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Great elenimavrandoni 2013-09-18 19:57

Χρήστο, απο τα πιό όμορφα καταστήματα να επισκεφθεί τα Χριστούγεννα..είναι ολα τόσο όμορφα διακοσμημένα σαν απο παραμύθι..
εξαιρετική η λήψη σου να δείχνει εντυπωσιακή και πανοραμική..
πάντα τέτοια
ελένη

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Old 09-19-2013, 08:22 AM
Indrasish Indrasish is offline
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Join Date: May 2013
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Default Sorry for the note

I took this shot at Kumartuli..
About Kumartuli:-
Kumortuli (also spelt Kumartuli, or the archaic spelling Coomartolly) (Bengali: কুমোরটুলি) is a traditionally potters quarter in northern Kolkata (previously known as Calcutta), the capital of the east Indian state of West Bengal. By virtue of their artistic productions these potters have moved from obscurity to prominence. This Kolkata neighbourhood, not only supplies clay idols of Hindu gods and goddesses to barowari pujas in Kolkata and its neighbourhoods, but a number of idols are exported.It is one of the seven wonders in Kolkata.
The British colonisation of Bengal and India started following the victory of the British East India Company in the Battle of Plassey in 1757. The Company decided to build new settlement Fort William at the site of the Gobindapur village. Most of the existing population shifted to Sutanuti. While such neighbourhoods as Jorasanko and Pathuriaghata became the centres of the local rich, there were other areas that were developed simultaneously.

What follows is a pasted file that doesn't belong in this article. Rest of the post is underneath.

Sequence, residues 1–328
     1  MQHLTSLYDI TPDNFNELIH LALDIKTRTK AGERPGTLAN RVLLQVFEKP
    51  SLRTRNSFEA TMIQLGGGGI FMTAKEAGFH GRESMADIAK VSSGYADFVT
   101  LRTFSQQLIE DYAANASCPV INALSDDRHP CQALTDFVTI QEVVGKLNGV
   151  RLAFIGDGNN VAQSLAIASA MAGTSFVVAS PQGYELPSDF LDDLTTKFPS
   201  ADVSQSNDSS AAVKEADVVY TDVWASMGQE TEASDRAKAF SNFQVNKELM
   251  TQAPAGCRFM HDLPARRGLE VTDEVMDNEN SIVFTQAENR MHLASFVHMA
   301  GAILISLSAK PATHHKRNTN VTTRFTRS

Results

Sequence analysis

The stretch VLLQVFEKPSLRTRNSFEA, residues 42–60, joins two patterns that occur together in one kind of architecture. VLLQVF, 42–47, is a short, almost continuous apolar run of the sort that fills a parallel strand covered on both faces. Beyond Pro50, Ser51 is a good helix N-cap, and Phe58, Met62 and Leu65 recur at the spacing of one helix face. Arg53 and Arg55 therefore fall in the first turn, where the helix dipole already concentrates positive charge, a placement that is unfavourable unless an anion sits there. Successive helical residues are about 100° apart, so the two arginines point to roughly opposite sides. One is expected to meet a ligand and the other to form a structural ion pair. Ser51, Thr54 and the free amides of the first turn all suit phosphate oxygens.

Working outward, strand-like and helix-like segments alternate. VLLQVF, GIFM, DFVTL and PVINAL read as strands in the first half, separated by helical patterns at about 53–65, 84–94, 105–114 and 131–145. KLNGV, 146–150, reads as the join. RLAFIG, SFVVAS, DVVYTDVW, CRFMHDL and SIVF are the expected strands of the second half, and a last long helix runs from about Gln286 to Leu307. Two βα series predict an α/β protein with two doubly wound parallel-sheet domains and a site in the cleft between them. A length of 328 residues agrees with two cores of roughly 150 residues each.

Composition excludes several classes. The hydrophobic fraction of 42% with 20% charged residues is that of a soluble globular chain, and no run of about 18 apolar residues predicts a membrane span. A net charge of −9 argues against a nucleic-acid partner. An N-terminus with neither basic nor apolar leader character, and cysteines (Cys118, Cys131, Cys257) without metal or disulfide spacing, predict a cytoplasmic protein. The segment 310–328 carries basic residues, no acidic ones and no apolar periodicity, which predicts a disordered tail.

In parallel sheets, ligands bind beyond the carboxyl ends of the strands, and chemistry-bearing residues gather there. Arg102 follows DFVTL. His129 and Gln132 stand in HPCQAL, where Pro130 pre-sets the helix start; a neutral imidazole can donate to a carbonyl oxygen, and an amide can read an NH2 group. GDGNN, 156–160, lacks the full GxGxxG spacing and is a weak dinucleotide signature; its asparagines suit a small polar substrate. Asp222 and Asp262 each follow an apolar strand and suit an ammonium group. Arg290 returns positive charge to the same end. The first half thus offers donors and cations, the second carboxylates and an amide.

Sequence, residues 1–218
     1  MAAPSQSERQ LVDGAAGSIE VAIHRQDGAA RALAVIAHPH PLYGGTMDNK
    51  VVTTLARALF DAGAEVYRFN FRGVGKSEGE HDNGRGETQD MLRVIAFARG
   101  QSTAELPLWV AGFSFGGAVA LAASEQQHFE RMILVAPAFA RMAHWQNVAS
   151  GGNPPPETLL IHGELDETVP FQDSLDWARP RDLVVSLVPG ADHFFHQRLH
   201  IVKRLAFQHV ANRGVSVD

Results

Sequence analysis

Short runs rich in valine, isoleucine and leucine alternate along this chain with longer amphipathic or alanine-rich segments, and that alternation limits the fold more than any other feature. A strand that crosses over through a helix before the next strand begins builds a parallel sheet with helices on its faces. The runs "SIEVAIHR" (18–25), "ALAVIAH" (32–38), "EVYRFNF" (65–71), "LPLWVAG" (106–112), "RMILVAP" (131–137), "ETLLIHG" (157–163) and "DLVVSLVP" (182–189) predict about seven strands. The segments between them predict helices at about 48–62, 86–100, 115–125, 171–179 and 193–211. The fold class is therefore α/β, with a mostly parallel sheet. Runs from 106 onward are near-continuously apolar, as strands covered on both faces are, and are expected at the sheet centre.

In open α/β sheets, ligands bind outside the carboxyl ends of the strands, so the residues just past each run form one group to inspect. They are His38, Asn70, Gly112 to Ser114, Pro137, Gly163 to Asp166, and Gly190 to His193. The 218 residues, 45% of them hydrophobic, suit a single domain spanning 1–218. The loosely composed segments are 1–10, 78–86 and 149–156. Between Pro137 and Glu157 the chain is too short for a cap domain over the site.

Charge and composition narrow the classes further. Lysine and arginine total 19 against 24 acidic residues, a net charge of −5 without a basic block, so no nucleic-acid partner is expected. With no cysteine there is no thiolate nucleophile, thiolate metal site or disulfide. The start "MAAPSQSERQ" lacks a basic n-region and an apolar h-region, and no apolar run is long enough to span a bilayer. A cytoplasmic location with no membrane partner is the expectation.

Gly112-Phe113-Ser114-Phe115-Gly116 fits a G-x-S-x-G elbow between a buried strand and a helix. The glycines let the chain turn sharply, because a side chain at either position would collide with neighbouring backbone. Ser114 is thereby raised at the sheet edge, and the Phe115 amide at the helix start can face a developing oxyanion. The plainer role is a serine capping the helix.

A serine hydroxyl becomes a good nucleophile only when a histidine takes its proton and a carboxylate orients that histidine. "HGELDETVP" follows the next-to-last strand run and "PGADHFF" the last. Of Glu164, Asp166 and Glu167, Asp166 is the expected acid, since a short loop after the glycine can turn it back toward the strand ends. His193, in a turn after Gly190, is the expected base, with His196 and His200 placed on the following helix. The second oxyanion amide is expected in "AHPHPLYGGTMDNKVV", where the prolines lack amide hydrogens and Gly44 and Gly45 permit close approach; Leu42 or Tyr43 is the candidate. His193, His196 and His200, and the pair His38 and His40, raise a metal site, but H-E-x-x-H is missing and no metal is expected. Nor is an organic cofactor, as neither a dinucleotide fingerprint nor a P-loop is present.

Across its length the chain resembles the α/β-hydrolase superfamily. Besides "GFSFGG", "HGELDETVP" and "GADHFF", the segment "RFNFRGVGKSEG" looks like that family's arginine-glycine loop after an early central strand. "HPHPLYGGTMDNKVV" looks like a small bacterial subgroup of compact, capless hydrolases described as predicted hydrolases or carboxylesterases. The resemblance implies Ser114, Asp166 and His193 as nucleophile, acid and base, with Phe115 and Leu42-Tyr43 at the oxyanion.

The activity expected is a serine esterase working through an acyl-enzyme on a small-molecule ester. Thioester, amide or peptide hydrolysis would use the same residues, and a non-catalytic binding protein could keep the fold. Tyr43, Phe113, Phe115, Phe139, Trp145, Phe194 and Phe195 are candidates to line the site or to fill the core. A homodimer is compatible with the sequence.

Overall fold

Holwell, under orders from the Directors of the British East India Company, allotted separate districts to the Companys workmen. These neighbourhoods in the heart of the Indian quarters acquired the work-related names Suriparah (the place of wine sellers), Collotollah (the place of oil men), Chuttarparah (the place of carpenters), Aheeritollah (cowherds quarters), Coomartolly (potters quarters) and so on.
Most of the artisans living in the north Kolkata neighbourhoods dwindled in numbers or even vanished, as they were pushed out of the area in the late nineteenth century by the invasion from Burrabazar.In addition, Marwari businessmen virtually flushed out others from many north Kolkata localities. The potters of Kumortuli, who fashioned the clay from the river beside their home into pots to be sold at Sutanuti Bazar (later Burrabazar), managed to survive in the area. Gradually they took to making the images of gods and goddesses, worshipped in large numbers in the mansions all around and later at community pujas in the city and beyond.
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